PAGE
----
50%-60% of individuals using antidepressants find relief from the first one they try. Unfortunately, some may not get complete relief from their depression symptoms, and others have no response at all.
Read on to learn what to do when antidepressants don’t work for you anymore. Understand what to expect, review questions to ask your healthcare provider, and learn several ways to adjust your treatment plan and explore different therapies.
When it comes to antidepressants, misconceptions are common, and can create confusion about depression remission. For this reason, when considering antidepressants, you should begin by setting realistic expectations regarding symptom relief from your depression.
Antidepressants are not instant fixes, and they do not create a feeling of euphoria shortly after taking them. In fact, it may take several weeks to feel the full, mood-stabilizing impact. You may also experience short-lived side effects before you feel relief, including a local “dip” in your mood, but that does not indicate how effective an antidepressant may be after it is given adequate time to take effect.
It may take more than one attempt to find an effective antidepressant for you. While 36.8% of individuals get relief from the first antidepressant they try, another 30.6% only see improvement after trying a second type of antidepressant.
Being in remission from depression means you may still have bad days and problems to work through, as this is still normal for those without depression. However, once in remission, you will be better equipped to process, cope, and manage the challenges of life, without becoming incapacitated by them.
Depression can reoccur throughout an individual’s lifetime. 50% of those who have experienced one depressive episode will go through another once during their lifetime, and 80% of those who have contended with two episodes are likely to experience additional episodes in the future. Understanding how to respond to difficult life situations can help you avoid or shorten future depressive episodes.
Some individuals take longer to respond to antidepressants or may not get complete relief. Before you see signs your antidepressant is not working, ask your healthcare provider about your medication and anything that may impact your response.
To ensure you get the most relief possible from your antidepressant, be sure you understand how to take it correctly. Ask your doctor the following questions:
Depressive symptoms also overlap with other physical and mental health conditions, and a misdiagnosis is also a possibility. Ask your doctor:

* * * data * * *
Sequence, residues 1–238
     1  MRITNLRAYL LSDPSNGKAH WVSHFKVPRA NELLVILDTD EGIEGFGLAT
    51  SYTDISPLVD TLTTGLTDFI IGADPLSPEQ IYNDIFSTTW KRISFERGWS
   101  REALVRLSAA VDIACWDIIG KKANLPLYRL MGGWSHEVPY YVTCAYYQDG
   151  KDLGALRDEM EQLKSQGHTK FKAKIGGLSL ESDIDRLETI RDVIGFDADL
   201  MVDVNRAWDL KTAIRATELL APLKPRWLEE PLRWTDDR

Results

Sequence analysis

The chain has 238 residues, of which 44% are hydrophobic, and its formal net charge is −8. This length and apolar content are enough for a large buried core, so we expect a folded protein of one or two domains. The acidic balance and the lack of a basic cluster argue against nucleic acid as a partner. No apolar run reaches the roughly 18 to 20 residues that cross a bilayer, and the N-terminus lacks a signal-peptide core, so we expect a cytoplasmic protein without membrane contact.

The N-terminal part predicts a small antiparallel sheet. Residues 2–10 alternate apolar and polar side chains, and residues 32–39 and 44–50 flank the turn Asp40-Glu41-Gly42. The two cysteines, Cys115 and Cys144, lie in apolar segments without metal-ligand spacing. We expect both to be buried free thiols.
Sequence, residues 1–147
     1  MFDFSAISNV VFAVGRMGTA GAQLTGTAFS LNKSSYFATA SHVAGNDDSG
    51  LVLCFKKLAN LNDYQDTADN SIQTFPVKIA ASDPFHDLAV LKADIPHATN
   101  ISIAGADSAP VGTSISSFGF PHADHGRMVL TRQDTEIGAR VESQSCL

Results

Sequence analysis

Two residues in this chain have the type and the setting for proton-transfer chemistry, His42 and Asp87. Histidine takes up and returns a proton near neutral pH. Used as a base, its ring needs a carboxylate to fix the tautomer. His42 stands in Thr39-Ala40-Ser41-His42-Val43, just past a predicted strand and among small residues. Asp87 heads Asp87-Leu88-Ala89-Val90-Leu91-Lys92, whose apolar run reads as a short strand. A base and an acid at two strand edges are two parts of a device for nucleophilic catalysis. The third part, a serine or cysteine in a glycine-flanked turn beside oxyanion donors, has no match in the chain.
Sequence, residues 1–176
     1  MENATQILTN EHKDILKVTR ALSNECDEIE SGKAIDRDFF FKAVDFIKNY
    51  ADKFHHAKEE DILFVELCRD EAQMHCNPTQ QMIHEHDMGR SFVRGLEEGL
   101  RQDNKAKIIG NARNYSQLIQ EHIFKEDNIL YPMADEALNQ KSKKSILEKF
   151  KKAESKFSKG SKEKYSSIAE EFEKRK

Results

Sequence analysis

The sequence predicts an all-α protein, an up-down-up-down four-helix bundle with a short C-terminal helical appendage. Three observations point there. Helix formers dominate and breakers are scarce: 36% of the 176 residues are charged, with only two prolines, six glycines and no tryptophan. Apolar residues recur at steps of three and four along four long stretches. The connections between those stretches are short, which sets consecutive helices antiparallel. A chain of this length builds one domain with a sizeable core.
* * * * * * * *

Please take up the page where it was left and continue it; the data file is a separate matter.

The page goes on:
Changes in your physical depression symptoms may be your first clue that your antidepressant is starting to work, often within the first two weeks. Find out:
Antidepressant response varies among individuals, and some medications may need more time to take full effect. Make sure you have a sound estimate about:
After taking an antidepressant for several weeks, you and your provider may be ready to adjust your medication plan.
Adjusting your dosage should only be done in consultation with a licensed, experienced professional.
As antidepressants begin to improve an individual’s functioning, additional therapies can help with symptom improvement by addressing other needs.
Evidence shows that the combination of antidepressants and psychotherapy is often more effective than either treatment alone. Depending on an individual’s needs, both long-term and short-term therapy can be helpful.
Deep Transcranial Magnetic Stimulation (Deep TMS™) is a noninvasive medical device treatment for depression. Due to its proven safety and efficacy, it has been FDA-cleared to treat depression, making it a valuable augmentation to antidepressants and psychotherapy treatments.
During Deep TMS’s 20-minute sessions, targeted magnetic pulses are delivered to deep regions of the brain associated with depressive symptoms, stimulating neural connections and regulating brain activity in the targeted structures. A cushioned helmet is utilized for deeper, more accurate stimulation and effective relief.
During Deep TMS treatments, individuals may experience mild side effects such as a brief headache, without any long-lasting or significant side effects. Deep TMS does not necessitate the use of anesthesia or require a lengthy recuperation process, thereby allowing the patient to drive themselves to and from the treatment clinic. After several weeks of treatment, neural activity in these regions stabilizes and symptoms begin to improve.
Additional non-medication treatments can support symptom remittance with minimal adverse effects.
Unsure what to do when antidepressants don’t work for you? Searching for effective depression treatment can be frustrating, but fortunately, there are many options. Don’t give up—consider your needs and explore different treatments to find one that works for you.